What then follows over the course of the film is a couple of months in the life of James White. We get the picture of his chaos. His mother is in remission for her cancer. James has been crashing on her couch for two years, still under the delusion that she needs his help, when really, she wants him to get his act together, grow up, get a job, get his own place. At the same time, though, she calls him a lot, wondering why he wasn’t home, she needs him, can he do an errand for him, “You have to do what you say you’re going to do, James,” she says again.
Scott Mescudi (a rapper and music producer who also was one of the producers of James White) is so excellent as Nick, James’ best friend from childhood, who now lives in Salt Lake City, dressing up as a clown for kids’ birthday parties. Once upon a time he wanted to be an actor. At one point, he walks around a pool, with full clown makeup on and a red nose, approaches the camera (supposed to be James’ perspective), and says right into the camera, “I hate my life.” Nick has flown home for James’ dad’s funeral, and the way Cynthia Nixon looks at the two young men sitting on the couch together, or eating omelettes in the kitchen, speaks to the long long history there. “It’s so good to see you two together again,” she says.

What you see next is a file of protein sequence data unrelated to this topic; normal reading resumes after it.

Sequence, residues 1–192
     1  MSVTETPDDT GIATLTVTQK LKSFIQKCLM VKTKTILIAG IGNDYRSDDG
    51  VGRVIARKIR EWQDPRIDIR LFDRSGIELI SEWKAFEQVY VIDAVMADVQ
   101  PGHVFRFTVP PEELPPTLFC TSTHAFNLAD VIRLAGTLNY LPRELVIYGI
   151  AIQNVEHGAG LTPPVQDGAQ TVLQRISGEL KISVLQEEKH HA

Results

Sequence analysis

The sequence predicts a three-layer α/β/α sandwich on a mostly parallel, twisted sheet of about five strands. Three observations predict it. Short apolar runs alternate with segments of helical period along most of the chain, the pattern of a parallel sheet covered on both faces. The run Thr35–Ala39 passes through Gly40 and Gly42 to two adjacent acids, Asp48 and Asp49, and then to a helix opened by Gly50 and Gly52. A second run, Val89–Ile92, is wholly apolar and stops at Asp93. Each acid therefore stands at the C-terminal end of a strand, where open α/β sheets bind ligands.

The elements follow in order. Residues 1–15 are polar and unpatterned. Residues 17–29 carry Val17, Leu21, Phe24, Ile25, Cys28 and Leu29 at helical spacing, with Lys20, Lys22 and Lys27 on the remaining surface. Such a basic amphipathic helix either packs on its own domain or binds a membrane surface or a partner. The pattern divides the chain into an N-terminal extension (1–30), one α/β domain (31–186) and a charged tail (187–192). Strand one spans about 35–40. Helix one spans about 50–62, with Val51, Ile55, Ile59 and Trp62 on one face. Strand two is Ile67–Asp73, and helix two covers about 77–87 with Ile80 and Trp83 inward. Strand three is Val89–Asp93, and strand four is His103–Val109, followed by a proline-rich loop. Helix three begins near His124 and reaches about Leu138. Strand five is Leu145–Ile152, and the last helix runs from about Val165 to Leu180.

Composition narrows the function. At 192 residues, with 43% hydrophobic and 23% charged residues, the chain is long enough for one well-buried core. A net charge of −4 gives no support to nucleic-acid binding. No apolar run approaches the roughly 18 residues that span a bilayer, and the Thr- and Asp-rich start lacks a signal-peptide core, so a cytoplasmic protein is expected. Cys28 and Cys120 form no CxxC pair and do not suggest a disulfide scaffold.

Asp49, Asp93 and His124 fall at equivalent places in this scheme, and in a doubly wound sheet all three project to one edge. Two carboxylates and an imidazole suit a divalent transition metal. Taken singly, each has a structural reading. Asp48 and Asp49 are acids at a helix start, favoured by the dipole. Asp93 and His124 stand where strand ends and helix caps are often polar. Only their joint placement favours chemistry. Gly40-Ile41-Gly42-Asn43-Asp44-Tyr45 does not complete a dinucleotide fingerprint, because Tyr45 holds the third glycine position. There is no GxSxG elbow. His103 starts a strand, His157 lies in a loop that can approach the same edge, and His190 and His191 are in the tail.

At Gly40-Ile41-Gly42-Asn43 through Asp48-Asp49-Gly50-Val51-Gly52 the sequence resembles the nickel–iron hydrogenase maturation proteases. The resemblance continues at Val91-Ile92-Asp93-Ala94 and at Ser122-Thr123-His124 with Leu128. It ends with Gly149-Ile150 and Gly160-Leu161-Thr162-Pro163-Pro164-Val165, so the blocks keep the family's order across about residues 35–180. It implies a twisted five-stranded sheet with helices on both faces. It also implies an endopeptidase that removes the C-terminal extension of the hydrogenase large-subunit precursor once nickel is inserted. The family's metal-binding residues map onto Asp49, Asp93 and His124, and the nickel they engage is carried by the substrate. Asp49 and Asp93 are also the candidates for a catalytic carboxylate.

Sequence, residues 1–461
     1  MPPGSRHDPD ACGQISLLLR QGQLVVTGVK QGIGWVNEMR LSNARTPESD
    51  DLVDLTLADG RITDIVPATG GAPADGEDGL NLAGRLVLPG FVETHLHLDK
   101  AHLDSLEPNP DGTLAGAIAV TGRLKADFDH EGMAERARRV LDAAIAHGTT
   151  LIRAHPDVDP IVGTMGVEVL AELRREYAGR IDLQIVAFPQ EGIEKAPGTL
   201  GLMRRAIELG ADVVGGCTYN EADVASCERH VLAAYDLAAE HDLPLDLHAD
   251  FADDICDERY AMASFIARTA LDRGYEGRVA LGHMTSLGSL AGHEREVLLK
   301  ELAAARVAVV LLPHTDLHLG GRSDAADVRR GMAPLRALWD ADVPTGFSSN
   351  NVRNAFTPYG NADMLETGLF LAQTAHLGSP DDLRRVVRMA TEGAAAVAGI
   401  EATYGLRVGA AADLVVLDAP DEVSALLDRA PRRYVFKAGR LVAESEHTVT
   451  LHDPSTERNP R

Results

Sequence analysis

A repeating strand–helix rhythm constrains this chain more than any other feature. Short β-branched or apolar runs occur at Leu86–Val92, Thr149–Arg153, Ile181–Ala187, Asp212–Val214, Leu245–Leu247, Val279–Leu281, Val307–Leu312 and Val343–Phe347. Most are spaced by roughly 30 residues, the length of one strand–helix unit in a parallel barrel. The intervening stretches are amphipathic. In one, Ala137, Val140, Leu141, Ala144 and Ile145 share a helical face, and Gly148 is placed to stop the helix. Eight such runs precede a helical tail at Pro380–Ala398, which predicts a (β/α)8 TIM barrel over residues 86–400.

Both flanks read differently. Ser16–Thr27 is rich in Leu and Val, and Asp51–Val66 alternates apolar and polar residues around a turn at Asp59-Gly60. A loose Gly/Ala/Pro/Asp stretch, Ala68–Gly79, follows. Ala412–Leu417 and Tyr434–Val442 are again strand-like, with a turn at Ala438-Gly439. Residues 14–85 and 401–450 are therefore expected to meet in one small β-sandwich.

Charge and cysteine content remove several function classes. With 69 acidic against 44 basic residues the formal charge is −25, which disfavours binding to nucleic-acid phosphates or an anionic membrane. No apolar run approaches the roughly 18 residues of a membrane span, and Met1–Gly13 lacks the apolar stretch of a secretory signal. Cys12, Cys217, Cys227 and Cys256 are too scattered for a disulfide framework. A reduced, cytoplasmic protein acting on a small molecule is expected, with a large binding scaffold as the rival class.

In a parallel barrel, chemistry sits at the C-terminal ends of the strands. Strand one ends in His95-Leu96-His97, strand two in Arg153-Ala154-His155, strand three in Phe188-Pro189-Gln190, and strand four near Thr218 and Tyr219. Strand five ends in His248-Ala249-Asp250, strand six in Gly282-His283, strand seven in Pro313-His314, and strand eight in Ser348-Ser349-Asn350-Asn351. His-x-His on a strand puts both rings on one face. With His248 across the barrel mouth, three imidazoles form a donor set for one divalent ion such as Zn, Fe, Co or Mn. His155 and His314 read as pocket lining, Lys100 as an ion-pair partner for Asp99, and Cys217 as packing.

Nick seems more stable than James, but still: the two go out drinking together and get into tons of trouble. There’s a bar fight. There appears to have been … a foursome? The two sneak out of the unknown apartment, leaving two naked bodies asleep in the bed, giggling and whispering like naughty teenagers. But there is true affection between the two men, a welcome and beautiful corrective to the “dudebro” brand of friendship currently dominating the multiplexes. As though that is the only way that men can connect.